1. NATA estimates the cumulative cancer risk from a variety of sources in addition to stationary industrial facilities. These include mobile vehicles, naturally occurring air toxics and wildfires. The purpose of our map is to spotlight the emissions from industrial sources of toxic air pollution and offer specific information about each facility’s relative contribution to human health impacts.
  2. NATA computes cancer risk estimations at the census tract level, within which emissions may vary widely. It does not show users the estimated risk near their house, or on their block. For instance, one census tract in southern Mississippi appears in NATA as 50 square miles in size and includes a Chevron refinery as well as a large coastal wildlife refuge. Since the emissions are averaged out over the census tract, it’s impossible to see how much higher the risk would be closer to the refinery, and how it would diminish as one approaches the refuge. Our map, by contrast, provides a granular view of cancer risk estimations right up to the fence lines of industrial facilities.
  3. NATA only maps one year of data. However, industrial facilities do not always release the same volumes of air toxics each year. Market forces and pollution control technology updates, among other factors, may influence a facility’s reported emissions in any given year. To give readers a better sense of chronic exposure at a given location, and of whether a facility’s emissions are trending upwards or downwards, we averaged the cancer risk estimates over five years of data (2014-2018).
  4. NATA has been published infrequently. The latest version of NATA was published in 2018 using 2014 data. The most recent year shown on our map is 2018.

TRI and the Shortcomings of Self-Reported Data

The RSEI model uses emissions data from the EPA’s Toxics Release Inventory. Industrial companies produce and self-report all of TRI’s data. TRI, which is maintained in accordance with the Emergency Planning and Community Right-to-Know Act of 1986, includes the annual emissions of over 700 toxic chemicals released into the land, water and air by significant sources of toxic pollution. (We only focused on the 105 chemicals that are classified as hazardous air pollutants and have EPA-assigned cancer potency values.) Facilities that report to TRI, according to the EPA, submit “readily available data (including monitoring data) collected pursuant to other provisions of law, or, where such data are not readily available, reasonable estimates of the amounts involved.” Because precise monitoring data may be costly, inconvenient or unfeasible to produce, many facilities estimate their emissions using engineering calculations.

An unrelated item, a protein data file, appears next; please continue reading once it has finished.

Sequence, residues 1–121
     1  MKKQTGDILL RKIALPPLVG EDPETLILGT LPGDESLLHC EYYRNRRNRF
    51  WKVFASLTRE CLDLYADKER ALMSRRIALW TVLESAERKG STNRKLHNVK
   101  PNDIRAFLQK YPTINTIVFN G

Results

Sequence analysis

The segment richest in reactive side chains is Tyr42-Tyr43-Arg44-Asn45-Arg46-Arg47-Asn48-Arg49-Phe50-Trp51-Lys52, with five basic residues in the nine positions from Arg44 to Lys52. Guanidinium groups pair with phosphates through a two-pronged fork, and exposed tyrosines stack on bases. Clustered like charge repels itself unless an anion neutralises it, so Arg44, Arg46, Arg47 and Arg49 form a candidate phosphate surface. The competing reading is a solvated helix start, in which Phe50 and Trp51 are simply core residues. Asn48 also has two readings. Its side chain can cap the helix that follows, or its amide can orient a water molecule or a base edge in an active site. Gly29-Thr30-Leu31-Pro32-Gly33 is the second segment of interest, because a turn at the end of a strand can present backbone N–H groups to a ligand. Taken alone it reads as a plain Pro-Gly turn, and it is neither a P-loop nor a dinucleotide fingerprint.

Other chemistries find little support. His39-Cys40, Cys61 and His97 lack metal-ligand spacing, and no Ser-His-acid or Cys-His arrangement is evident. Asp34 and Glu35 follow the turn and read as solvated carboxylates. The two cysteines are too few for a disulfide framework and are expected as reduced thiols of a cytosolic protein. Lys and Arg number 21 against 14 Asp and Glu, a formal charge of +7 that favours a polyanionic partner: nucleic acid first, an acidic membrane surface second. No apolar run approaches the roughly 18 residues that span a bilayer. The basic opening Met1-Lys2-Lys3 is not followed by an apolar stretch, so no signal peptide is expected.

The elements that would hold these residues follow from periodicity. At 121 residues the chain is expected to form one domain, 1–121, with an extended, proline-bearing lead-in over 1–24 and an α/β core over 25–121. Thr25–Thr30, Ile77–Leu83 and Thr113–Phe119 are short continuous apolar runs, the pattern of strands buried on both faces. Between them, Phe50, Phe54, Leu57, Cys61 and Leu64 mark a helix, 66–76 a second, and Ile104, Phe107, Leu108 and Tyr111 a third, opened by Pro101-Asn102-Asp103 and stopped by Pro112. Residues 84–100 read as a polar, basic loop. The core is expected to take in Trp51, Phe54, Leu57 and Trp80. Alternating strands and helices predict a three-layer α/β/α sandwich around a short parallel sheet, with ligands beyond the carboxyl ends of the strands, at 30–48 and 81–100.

Over the course of our two-year investigation, we learned that some facilities had misreported their emissions to the EPA, in some cases by vastly overestimating their air emissions. This phenomenon might be explained by a lack of incentive to report the correct quantities. Though companies are required to provide “reasonable estimates,” some of the facilities that we contacted said that they provided overly conservative emissions estimates. The fact that the majority of the errors we learned about were overestimates may be due to a selection bias, as well: Some companies may be under the impression that they are less likely to be disciplined for overreporting and are therefore more likely to disclose these errors than companies that are underreporting. It is not known whether the overall direction of bias in the data collected in the Toxics Release Inventory skews toward over- or underreporting, though some research suggests the latter.

The EPA states that it performs continuous data quality checks on its TRI database each year. For example, the agency conducts analyses to identify facilities that reported vastly different emissions from the previous year and facilities that reported identical quantities multiple years in a row. In a statement, the EPA told ProPublica that the agency’s TRI Compliance and Enforcement Program may also “conduct inspections or off-site record reviews to verify reported release estimates.”